The Bank of Canada may hesitate to make aggressive rate cuts until policymakers feel assured the U.S. Federal Reserve is ready to start lowering borrowing costs, Vanguard Group economist Roger Aliaga-Diaz said.

Fed policymakers last week shifted their forecasts for the path of interest rates, signaling just one cut in 2024. The Bank of Canada has already started an easing cycle — this month it became the first Group of Seven central bank to cut rates — but it may be reluctant to get too far ahead of the Fed, he said. 

Aliaga-Diaz thinks that “cuts every other meeting are more reasonable” to expect in Canada, he said in an interview with BNN Bloomberg. Governor Tiff Macklem and his governing council “may need to get assurances that the Fed will engage in a cut, even if it will come later.” 

Canada’s role as a major commodity exporter leaves it vulnerable to currency volatility, which may factor into the central bank’s thinking, Aliaga-Diaz said, even though it doesn’t explicitly manage policy for the exchange rate. The Canadian dollar has sagged 3.7 per cent this year versus the greenback, due to a combination of slower growth and decelerating inflation.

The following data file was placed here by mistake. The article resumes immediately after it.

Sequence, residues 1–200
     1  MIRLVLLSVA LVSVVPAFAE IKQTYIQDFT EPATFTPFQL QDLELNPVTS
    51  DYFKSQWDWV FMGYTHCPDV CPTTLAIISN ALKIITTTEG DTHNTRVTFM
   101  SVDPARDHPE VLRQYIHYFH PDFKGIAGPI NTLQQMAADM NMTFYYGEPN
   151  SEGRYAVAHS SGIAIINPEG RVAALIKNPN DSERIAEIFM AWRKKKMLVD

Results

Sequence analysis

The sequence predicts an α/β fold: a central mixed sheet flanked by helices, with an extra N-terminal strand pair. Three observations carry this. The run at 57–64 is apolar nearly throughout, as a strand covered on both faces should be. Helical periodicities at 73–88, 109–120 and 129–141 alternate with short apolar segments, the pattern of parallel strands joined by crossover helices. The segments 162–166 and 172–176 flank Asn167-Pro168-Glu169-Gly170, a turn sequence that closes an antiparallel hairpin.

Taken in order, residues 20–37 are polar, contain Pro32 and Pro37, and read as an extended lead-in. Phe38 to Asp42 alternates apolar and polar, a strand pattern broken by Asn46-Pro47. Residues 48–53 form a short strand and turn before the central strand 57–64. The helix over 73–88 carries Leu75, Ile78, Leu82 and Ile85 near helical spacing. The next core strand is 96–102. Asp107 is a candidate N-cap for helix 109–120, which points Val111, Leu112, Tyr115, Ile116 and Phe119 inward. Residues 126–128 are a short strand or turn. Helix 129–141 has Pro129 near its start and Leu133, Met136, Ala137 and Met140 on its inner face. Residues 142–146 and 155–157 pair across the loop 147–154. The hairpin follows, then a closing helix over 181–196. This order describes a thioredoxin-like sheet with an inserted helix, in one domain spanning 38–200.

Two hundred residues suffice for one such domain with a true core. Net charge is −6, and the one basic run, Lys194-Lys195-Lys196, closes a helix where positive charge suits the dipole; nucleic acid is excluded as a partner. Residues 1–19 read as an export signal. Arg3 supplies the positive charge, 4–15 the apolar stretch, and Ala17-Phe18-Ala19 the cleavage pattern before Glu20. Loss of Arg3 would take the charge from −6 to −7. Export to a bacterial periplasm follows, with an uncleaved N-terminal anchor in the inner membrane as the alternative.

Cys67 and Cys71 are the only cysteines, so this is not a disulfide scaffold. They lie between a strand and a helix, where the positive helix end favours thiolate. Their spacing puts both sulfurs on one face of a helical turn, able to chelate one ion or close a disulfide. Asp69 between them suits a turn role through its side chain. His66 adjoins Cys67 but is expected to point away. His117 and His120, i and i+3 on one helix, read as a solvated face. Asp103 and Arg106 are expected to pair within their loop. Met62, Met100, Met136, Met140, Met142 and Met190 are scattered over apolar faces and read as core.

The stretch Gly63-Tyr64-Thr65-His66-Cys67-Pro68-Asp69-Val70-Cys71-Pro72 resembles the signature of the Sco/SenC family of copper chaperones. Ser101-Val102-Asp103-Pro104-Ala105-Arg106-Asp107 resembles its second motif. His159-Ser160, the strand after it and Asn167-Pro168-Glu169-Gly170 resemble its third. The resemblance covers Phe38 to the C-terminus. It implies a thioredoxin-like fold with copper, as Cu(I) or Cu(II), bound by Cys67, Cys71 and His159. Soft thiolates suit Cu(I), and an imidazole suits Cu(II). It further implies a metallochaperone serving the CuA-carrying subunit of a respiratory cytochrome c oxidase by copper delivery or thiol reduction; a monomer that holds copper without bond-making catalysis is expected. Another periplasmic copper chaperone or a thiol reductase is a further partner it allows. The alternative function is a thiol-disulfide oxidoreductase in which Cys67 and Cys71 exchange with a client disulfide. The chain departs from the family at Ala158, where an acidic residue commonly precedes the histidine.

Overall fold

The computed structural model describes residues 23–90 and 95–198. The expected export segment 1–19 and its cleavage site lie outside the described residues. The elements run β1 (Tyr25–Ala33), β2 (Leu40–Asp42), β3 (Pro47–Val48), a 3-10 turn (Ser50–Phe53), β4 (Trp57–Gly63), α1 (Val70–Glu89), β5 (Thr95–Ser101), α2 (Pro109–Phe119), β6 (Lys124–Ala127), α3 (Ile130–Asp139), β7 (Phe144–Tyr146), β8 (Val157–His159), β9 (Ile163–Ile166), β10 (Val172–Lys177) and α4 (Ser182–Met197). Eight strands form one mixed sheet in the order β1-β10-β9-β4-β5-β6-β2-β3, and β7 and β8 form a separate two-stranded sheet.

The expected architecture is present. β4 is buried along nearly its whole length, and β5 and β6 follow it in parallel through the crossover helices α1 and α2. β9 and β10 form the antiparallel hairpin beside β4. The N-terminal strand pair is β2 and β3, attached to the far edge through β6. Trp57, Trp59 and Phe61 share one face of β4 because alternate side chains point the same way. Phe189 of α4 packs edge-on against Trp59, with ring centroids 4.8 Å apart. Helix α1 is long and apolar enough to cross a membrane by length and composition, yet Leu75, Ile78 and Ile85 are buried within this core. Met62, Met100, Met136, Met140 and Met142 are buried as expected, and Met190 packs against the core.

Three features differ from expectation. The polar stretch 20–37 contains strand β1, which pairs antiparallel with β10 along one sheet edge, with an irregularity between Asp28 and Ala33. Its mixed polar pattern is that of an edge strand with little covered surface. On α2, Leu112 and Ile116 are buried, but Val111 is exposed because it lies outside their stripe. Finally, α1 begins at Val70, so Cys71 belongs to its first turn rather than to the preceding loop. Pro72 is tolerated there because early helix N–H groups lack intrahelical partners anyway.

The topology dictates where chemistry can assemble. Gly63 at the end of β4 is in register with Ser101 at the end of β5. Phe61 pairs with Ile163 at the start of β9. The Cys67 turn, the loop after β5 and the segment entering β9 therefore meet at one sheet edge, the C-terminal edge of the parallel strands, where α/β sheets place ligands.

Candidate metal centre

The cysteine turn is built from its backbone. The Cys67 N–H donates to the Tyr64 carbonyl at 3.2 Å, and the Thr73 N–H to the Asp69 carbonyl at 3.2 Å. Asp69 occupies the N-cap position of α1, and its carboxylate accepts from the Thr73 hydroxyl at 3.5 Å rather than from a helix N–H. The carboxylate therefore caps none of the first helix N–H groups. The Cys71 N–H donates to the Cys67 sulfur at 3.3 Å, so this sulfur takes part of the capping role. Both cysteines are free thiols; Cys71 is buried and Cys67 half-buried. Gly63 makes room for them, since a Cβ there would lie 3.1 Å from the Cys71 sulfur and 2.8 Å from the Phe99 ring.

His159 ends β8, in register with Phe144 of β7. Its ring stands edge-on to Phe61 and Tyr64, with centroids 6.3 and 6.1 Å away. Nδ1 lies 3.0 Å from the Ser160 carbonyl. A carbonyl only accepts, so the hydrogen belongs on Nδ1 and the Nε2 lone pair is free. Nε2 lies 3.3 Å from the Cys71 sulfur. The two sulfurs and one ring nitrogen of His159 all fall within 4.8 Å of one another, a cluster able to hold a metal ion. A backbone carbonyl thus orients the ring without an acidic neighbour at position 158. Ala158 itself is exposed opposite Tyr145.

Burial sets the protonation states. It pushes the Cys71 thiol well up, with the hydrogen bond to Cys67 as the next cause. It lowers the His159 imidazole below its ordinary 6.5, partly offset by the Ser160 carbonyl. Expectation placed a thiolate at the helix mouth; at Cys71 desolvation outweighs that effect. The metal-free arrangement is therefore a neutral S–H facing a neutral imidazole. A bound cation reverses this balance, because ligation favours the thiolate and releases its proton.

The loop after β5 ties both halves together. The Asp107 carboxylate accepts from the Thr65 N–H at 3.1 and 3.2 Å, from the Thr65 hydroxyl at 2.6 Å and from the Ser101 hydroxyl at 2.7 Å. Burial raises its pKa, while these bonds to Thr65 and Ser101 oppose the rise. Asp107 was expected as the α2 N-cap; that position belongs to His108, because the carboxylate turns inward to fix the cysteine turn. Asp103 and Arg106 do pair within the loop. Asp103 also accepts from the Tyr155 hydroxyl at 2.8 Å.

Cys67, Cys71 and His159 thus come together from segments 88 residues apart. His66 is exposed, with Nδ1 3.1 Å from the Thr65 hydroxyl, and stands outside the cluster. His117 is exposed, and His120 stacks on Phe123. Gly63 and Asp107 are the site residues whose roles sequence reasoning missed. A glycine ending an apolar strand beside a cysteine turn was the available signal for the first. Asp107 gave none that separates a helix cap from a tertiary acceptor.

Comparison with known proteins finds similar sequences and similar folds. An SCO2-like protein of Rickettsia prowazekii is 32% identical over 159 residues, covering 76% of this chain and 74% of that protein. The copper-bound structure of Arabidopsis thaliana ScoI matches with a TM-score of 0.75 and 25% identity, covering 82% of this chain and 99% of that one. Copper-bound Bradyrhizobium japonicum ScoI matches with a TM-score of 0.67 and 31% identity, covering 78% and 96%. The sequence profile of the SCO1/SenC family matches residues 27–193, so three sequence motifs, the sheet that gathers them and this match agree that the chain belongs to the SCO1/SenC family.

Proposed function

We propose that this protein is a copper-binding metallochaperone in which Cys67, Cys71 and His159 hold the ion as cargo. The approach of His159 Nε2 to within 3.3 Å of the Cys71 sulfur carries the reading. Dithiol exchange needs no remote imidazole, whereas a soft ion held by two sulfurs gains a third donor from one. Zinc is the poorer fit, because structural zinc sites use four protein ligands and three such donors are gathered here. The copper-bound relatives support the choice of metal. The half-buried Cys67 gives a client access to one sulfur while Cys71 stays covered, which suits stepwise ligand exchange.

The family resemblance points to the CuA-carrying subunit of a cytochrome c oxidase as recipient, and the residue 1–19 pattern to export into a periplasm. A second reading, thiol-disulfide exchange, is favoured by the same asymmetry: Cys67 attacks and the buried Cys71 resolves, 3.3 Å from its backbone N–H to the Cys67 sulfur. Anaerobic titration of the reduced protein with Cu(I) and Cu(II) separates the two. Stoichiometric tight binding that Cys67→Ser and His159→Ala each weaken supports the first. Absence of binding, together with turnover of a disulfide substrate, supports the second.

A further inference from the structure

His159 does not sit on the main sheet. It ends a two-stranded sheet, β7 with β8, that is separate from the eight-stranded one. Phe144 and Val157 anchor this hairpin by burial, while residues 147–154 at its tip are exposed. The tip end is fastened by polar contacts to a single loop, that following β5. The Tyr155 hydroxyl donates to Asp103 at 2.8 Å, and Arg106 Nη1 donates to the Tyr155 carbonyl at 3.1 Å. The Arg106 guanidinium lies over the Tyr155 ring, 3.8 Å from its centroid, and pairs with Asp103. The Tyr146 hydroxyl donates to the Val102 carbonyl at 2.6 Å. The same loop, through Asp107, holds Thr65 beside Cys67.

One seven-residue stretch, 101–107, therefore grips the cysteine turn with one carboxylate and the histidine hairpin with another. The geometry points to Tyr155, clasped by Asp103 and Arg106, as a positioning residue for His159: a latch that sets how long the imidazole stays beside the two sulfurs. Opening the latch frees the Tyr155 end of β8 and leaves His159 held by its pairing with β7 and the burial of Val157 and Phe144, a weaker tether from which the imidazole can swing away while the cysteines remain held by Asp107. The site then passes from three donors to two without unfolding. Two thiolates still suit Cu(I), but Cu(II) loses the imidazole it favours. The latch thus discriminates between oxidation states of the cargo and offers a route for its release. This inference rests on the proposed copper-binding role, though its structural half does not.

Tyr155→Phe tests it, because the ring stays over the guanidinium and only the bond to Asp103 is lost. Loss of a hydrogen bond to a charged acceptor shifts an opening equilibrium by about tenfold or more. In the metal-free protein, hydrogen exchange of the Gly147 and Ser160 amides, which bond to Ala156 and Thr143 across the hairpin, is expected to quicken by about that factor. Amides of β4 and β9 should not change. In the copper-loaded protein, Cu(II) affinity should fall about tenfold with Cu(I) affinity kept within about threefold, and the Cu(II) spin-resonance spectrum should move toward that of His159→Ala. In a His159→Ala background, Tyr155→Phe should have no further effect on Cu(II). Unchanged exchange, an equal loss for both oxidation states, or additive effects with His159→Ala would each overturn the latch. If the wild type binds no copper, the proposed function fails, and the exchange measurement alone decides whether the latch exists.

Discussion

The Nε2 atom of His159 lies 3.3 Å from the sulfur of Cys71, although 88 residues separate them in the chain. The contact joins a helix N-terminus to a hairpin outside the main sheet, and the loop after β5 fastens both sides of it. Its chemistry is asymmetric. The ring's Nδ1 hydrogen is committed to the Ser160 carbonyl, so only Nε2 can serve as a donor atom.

A cut every other meeting would take the Bank of Canada’s policy interest rate down to 4.25 per cent by the end of the year, from the current 4.75 per cent. 

Citigroup’s Veronica Clark is predicting bolder action: she sees Macklem cutting at each of the four scheduled decisions in the second half of 2024, taking the policy rate down to 3.75 per cent, as the labour market weakens.   

Inflation should continue its march toward the central bank’s two per cent target, Aliaga-Diaz said, which means fixed-income investors enjoy a real yield. The 10-year Canada benchmark bond closed last week at a yield of 3.282 per cent. 

“It’s a good time to be in bonds. We say bonds are back,” said Aliaga-Diaz, who’s Vanguard’s chief economist of the Americas and global head of portfolio construction.